Friday, March 12, 2010

Jobs, Jobs, Jobs

      When Bill Clinton was running for the presidency against George H. W. Bush, the catch phrase for his campaign was “It’s the economy, stupid.” Just as James Carville hung a sign containing that slogan in Clinton’s campaign headquarters, so should Barack Obama have the same reminder on banners all over the White House.
      Obama’s campaign promised change and hope, but change has gotten out of control, and hope seems to be retreating into the hills. Every poll indicates that healthcare is way down on the list of voters’ concerns. Now the primary focus is on jobs, jobs, jobs.
      Presently there is a bill in the Senate which would grant an exemption to an employer for each new hire during 2010. In addition, if the employee stays on the job for 52 weeks, the employer will get a $1,000 business tax credit in 2011.
      I have a bit of trouble understanding how this will do much toward solving the job problem. Suppose you have a business which employees 20 workers in normal times. A recession comes along, and sales drop off to the extent that you have to lay off five employees. Assuming sales stay depressed, would you hire a new employee for, say, $25,000 just because you don’t have to pay his payroll taxes and you get a tax credit? Assuming the payroll taxes run around $1,600, you will be out of pocket over $22,000, not to mention training, sick pay, insurance, etc., and your additional inventory will still be lying in your warehouse.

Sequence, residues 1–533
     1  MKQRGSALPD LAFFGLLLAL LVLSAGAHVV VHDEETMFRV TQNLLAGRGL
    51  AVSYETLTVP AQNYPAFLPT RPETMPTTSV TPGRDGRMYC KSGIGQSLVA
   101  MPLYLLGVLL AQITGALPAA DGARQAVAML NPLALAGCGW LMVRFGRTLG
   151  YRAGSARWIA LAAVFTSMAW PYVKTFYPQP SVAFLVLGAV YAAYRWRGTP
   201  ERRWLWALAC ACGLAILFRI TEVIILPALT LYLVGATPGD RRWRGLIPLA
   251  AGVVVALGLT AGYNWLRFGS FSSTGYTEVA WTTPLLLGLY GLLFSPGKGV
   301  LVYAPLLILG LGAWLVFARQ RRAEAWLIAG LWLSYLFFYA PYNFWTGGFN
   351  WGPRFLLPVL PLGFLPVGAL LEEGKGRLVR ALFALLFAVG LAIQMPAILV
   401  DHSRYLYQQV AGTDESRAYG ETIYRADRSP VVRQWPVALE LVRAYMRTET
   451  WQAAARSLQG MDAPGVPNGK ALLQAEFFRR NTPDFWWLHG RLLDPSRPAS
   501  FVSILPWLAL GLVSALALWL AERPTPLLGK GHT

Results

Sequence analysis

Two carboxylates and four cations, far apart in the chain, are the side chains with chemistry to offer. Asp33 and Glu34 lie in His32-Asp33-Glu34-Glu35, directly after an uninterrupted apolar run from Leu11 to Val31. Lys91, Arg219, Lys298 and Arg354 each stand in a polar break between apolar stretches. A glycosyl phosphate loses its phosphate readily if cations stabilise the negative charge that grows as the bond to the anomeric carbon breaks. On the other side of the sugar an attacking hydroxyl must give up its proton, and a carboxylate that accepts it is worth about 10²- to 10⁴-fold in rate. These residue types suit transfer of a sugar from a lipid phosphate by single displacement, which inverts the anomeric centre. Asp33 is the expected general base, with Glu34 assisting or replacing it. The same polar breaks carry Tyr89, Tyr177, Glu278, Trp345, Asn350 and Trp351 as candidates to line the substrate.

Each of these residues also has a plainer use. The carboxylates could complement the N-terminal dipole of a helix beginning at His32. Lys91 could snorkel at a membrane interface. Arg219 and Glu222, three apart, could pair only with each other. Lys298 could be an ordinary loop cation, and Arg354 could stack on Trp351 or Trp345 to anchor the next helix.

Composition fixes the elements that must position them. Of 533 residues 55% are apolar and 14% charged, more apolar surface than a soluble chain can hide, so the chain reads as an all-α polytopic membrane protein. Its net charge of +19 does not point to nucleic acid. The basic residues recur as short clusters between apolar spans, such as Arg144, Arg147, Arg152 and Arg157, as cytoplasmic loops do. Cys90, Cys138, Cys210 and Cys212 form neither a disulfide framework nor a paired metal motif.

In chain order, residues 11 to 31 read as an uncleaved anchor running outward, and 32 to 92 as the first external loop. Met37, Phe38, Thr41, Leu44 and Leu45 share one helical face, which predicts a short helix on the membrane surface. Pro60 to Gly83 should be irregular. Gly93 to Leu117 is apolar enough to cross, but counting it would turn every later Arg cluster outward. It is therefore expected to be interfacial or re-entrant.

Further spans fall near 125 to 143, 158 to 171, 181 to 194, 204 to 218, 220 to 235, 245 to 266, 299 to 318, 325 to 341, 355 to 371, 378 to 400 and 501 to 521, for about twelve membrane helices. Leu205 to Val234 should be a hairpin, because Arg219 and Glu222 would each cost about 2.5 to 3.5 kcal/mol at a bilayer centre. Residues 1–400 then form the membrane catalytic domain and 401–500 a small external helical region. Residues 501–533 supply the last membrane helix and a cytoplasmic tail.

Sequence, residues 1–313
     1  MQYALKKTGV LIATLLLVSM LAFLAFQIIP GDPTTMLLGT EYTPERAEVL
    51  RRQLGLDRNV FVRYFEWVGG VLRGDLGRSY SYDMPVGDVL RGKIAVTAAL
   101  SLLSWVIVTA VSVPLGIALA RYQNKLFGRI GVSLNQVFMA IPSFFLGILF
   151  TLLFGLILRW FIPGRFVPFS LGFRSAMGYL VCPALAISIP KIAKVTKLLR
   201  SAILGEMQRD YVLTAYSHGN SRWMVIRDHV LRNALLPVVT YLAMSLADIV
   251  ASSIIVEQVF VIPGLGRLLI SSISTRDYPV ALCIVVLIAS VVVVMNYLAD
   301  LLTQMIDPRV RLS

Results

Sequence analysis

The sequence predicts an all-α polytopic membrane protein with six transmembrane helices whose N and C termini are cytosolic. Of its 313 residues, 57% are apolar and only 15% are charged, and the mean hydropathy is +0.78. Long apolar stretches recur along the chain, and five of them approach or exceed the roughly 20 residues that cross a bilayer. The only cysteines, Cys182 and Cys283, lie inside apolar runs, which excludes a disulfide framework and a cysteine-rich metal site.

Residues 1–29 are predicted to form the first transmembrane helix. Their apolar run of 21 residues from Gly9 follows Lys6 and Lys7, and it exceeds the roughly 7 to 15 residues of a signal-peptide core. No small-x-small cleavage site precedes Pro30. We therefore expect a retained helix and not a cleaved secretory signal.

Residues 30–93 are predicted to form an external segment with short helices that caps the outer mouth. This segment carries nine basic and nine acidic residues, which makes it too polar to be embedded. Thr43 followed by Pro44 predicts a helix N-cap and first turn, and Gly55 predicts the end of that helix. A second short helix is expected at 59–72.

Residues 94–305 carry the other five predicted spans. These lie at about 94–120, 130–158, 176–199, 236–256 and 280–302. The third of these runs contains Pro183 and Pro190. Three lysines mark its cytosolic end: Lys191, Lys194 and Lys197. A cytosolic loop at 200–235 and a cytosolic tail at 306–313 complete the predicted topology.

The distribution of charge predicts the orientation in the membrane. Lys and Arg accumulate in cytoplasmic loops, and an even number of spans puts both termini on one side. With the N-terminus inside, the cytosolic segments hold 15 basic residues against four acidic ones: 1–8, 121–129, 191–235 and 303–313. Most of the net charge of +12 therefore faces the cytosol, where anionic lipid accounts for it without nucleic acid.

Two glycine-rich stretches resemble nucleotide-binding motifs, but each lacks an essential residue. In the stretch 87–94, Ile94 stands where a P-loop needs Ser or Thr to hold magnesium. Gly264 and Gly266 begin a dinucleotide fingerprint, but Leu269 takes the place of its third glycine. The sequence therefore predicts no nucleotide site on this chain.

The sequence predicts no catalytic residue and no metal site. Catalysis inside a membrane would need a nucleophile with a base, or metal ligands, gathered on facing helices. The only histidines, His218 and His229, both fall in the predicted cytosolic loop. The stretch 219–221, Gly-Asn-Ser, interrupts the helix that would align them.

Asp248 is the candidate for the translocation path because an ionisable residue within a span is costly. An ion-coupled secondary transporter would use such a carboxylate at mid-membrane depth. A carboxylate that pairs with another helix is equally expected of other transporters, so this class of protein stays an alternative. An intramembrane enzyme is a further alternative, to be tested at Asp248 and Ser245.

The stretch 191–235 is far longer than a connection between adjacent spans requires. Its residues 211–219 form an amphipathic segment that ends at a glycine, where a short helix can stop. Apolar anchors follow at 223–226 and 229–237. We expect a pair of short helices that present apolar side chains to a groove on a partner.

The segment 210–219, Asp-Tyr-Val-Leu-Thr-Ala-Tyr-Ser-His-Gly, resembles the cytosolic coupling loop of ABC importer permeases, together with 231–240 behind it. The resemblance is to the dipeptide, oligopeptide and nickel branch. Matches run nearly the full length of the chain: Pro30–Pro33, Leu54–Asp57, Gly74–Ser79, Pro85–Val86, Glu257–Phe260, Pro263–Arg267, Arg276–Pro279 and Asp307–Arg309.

I hate to tell you this, but when the current stimulus money runs out, it is going to take another large infusion of cash to avoid another job slide.
      I know, I know, how can we afford this? The right says that the government can pay for this spending in only three ways: borrowing, raising taxes and printing money.
      But there is a fourth way: prosperity. In fact, it’s the only reasonable and logical way. No jobs no pay, no pay no buying, no buying no jobs. Whether we like it or not, breaking the cycle requires drastic action in the form of cash.
      During WWII the government spent way more than it took in on items that had no earthly value after the war ended. And when the end came, all that money came flowing back. It is doubtful if the Great Depression would ever have ended had it not been for the war.
      I am not sure we have the nerve to do what we have to do. What the world needs is an alien attack - either that, or we need to grit our teeth, gird our loins (I got that from the Bible, and I am not sure what it means), and make the moves.
      Can we afford to do what is necessary? The more important question is: Can we afford not to?

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